Exchange and Reciprocity in International Negotiations

in International Negotiation
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Abstract

Although international relations often involves a trade of favors or services, political scientists have not often used exchange theory. Social exchange is motivated by the prospect of mutual gain. The exercise of power entails exchange of needed resources for compliance with the influencer's wishes. The timing of repayment and explicitness of obligation are important dimensions of exchange that vary by issue area and relationship. In sequential exchange, the party that moves first risks being exploited and must therefore trust the other. The parties to an exchange may either leave open or specify what the other should do in return. Reciprocity refers to exchanges which are mutual and perceived by the parties as fair. It is difficult to determine whether exchanges are reciprocal without a common measure of value. Norms and customary expectations determine what is considered fair when there is no standardized measure of value. In negotiations, there are several competing principles of justice. Reciprocity requires that concessions be matched; it does not mean that their magnitude must be equal.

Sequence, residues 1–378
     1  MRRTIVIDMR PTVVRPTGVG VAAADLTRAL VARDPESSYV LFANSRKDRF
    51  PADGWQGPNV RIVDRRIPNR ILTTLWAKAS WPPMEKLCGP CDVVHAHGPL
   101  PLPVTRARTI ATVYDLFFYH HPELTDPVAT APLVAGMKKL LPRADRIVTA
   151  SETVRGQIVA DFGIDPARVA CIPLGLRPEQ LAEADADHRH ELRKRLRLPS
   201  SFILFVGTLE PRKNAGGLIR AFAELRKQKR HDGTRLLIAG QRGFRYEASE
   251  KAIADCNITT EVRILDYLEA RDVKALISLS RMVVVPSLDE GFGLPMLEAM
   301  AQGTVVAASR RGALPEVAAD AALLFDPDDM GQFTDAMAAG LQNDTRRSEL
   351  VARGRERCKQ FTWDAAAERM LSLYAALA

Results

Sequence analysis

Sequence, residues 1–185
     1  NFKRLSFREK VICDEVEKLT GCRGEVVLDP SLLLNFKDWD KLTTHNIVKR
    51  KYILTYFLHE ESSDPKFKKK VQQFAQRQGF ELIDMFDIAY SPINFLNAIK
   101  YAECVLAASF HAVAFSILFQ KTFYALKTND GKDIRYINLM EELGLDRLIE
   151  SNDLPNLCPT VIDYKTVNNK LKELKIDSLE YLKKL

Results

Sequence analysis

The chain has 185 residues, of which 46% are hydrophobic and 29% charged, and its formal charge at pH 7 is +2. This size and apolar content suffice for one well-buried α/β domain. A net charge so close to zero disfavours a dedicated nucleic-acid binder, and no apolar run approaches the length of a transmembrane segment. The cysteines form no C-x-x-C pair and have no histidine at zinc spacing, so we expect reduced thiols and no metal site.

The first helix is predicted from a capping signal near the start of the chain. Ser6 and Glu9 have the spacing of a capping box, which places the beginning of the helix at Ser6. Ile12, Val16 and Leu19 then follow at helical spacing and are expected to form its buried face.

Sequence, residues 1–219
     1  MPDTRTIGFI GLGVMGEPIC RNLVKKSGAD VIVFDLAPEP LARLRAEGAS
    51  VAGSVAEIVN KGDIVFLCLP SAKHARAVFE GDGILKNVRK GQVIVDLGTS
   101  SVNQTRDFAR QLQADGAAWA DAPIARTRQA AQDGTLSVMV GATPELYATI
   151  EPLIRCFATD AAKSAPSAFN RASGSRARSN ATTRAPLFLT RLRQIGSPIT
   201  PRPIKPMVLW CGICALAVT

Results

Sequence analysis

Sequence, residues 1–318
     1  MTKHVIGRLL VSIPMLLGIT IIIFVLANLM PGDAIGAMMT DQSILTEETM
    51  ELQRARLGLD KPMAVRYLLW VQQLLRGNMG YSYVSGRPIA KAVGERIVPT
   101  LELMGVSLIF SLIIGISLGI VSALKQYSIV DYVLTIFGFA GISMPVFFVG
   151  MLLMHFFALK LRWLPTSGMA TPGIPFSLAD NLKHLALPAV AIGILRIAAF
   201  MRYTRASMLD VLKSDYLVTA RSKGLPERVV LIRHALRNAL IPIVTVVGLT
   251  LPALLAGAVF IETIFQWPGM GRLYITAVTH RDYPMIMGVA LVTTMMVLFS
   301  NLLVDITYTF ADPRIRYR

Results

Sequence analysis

International Negotiation

A Journal of Theory and Practice

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